The quartet opens with ferocious playing from the violins and a tiny reply from the viola (which instrument is said to represent Kamila). The tempo changes almost from note to note as Janacek expresses his feelings on first meeting Kamila, ‘the mystery’ said Ron, ‘of an encounter with something new…a piece written in fire’. In the second movement, the composer goes as far as to imagine the son he might have had with Kamila;

‘I write in musical tones my sweetest desire… Oh, just as you are laughing with tears in your eyes, that is how it sounds’.

The music rises to a euphoric crescendo then stops almost in mid-air.

Janacek wrote that he wanted the quartet’s third movement to sound particularly joyful, then ‘dissolve into a vision of you’. Here the relentless strumming of the cello and viola suggests, perhaps, the earth that seemed to Janacek to tremble under his feet whenever he was with Kamila, whilst the fast, high notes of the violins reflect the excitement in his heart.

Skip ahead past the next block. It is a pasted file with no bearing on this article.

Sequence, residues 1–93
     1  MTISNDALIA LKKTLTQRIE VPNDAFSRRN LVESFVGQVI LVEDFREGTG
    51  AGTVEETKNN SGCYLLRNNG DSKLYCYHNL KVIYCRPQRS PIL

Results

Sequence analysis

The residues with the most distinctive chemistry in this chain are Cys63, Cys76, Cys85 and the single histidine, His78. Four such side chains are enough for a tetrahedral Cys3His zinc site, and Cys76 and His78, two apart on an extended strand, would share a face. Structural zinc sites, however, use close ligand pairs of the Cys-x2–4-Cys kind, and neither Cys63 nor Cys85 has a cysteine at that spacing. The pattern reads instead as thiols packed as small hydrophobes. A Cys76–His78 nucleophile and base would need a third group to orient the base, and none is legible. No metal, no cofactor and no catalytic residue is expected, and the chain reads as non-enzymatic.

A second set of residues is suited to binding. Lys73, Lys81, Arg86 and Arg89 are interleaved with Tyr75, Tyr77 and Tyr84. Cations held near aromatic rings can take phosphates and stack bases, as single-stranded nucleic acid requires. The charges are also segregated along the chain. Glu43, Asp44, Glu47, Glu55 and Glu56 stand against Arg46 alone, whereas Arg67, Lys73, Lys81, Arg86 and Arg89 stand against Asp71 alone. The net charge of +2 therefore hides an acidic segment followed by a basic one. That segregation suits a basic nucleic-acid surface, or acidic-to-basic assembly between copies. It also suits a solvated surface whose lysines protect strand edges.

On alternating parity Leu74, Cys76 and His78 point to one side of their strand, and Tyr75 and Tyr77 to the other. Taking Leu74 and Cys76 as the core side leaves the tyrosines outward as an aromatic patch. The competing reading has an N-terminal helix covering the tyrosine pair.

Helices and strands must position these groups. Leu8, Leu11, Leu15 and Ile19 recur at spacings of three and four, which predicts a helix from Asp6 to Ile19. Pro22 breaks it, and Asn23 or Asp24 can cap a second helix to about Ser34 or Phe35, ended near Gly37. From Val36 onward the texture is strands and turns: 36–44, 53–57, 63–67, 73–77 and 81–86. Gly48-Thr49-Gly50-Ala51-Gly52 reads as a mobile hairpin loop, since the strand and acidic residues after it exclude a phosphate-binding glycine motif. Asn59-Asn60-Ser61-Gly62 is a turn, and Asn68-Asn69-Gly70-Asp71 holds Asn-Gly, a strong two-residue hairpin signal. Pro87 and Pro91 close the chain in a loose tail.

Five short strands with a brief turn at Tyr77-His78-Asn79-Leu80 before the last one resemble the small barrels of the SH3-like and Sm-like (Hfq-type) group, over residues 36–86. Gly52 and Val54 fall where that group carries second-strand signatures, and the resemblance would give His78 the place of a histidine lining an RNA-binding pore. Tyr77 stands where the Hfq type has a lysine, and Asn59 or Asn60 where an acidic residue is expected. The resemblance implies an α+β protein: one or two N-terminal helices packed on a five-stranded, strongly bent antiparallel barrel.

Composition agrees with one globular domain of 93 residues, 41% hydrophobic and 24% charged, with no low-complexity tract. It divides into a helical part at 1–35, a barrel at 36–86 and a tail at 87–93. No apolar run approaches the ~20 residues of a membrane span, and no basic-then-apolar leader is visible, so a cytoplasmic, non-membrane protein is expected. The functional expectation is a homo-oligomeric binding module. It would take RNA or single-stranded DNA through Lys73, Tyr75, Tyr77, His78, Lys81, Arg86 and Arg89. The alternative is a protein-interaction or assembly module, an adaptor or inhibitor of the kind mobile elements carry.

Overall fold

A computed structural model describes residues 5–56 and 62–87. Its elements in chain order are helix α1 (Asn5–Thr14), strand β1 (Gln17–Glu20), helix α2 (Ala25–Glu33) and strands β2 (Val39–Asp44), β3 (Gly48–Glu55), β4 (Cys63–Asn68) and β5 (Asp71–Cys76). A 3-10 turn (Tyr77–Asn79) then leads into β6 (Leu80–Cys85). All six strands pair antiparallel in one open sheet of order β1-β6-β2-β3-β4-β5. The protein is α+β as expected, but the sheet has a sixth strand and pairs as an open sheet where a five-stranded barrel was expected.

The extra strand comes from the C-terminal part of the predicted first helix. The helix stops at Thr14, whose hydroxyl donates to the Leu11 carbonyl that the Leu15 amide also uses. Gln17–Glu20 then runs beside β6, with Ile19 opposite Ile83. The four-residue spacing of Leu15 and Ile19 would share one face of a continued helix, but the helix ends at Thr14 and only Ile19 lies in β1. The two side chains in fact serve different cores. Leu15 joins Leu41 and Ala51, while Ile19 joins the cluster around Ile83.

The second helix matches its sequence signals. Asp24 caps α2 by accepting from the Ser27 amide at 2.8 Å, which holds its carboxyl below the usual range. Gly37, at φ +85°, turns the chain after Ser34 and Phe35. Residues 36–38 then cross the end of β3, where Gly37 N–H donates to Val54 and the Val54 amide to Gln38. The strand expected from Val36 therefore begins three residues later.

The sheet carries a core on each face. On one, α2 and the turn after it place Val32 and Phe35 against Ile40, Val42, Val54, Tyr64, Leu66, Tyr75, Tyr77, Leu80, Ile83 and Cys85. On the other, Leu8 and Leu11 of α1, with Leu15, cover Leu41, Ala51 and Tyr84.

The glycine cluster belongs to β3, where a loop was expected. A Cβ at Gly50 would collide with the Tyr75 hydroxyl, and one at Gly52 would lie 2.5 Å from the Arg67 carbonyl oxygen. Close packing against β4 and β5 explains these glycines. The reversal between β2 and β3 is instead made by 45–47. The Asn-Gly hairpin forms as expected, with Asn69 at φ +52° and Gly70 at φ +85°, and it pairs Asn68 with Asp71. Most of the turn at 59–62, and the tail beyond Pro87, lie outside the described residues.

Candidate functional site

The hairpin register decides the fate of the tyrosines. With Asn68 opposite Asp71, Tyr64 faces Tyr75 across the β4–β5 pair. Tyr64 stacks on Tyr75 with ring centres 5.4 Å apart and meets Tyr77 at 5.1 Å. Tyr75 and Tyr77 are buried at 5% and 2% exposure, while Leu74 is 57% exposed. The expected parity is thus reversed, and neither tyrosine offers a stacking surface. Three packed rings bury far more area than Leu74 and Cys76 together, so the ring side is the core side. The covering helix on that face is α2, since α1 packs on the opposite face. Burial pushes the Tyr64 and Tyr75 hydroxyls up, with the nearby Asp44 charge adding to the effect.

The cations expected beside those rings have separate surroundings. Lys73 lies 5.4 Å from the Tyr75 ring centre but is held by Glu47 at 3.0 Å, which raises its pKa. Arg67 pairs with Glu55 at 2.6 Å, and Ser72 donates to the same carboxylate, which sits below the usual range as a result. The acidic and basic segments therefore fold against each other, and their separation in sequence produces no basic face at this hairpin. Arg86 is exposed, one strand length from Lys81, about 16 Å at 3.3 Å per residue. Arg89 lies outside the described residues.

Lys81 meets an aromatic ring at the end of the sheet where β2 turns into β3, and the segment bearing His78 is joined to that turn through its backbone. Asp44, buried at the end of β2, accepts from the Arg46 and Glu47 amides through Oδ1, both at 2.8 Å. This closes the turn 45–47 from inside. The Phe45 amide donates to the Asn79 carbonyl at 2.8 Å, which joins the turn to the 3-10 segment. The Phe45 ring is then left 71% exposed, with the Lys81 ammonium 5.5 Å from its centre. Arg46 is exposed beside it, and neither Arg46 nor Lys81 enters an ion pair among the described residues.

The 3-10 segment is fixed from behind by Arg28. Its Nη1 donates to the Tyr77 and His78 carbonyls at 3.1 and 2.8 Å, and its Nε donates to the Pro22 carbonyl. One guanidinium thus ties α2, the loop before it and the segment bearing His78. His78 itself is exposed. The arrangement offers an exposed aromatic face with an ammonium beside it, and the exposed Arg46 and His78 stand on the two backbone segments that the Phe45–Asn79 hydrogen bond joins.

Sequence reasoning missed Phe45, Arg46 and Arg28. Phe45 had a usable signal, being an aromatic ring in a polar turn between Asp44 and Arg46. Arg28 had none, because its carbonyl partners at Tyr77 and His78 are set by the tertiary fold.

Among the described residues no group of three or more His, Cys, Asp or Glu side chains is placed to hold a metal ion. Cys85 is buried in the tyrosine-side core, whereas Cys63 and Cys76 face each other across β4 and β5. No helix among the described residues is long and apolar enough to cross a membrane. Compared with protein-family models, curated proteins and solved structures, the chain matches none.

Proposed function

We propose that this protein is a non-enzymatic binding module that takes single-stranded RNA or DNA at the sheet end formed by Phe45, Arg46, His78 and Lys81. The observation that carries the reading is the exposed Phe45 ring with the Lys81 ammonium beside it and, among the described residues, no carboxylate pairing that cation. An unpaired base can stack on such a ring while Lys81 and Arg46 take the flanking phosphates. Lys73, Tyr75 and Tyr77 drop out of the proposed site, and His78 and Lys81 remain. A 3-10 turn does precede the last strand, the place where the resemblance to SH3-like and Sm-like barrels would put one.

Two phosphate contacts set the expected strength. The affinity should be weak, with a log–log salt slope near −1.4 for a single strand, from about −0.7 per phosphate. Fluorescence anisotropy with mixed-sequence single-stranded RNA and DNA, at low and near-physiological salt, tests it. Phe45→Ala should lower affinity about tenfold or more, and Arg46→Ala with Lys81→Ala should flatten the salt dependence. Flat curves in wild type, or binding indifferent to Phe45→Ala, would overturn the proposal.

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In the end, Janacek knew that Kamila would always be beyond his embrace; the final movement of the quartet celebrates Kamila’s peasant roots, but also seems to come to terms with her inaccessibility. Whether Janacek still hoped to be united with his muse will never be known; once he had completed the piece, he invited her to his country retreat only to find her husband David and younger son Otto tagging along too. When Otto got lost on a walk Janacek went out to look for him and ended up with pneumonia, from which he died on 12th August 1928, with Kamila at his side;

‘And I kissed you, and you are sitting beside me and I am at peace. In such a way do the days pass for the angels’.